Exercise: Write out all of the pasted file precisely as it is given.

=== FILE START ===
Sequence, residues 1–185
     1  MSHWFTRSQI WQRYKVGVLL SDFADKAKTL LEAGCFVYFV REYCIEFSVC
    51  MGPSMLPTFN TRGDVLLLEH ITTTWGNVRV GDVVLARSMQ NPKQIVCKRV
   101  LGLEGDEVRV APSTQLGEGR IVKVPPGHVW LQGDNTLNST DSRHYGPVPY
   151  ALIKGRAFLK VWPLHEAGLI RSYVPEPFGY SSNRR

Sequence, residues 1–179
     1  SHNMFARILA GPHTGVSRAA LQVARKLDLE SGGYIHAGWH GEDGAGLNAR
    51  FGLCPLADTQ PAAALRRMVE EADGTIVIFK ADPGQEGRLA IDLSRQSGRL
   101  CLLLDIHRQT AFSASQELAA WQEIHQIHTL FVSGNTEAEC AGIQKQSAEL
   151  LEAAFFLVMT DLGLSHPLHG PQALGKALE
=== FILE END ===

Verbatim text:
Sequence, residues 1–185
     1  MSHWFTRSQI WQRYKVGVLL SDFADKAKTL LEAGCFVYFV REYCIEFSVC
    51  MGPSMLPTFN TRGDVLLLEH ITTTWGNVRV GDVVLARSMQ NPKQIVCKRV
   101  LGLEGDEVRV APSTQLGEGR IVKVPPGHVW LQGDNTLNST DSRHYGPVPY
   151  ALIKGRAFLK VWPLHEAGLI RSYVPEPFGY SSNRR

Sequence, residues 1–179
     1  SHNMFARILA GPHTGVSRAA LQVARKLDLE SGGYIHAGWH GEDGAGLNAR
    51  FGLCPLADTQ PAAALRRMVE EADGTIVIFK ADPGQEGRLA IDLSRQSGRL
   101  CLLLDIHRQT AFSASQELAA WQEIHQIHTL FVSGNTEAEC AGIQKQSAEL
   151  LEAAFFLVMT DLGLSHPLHG PQALGKALE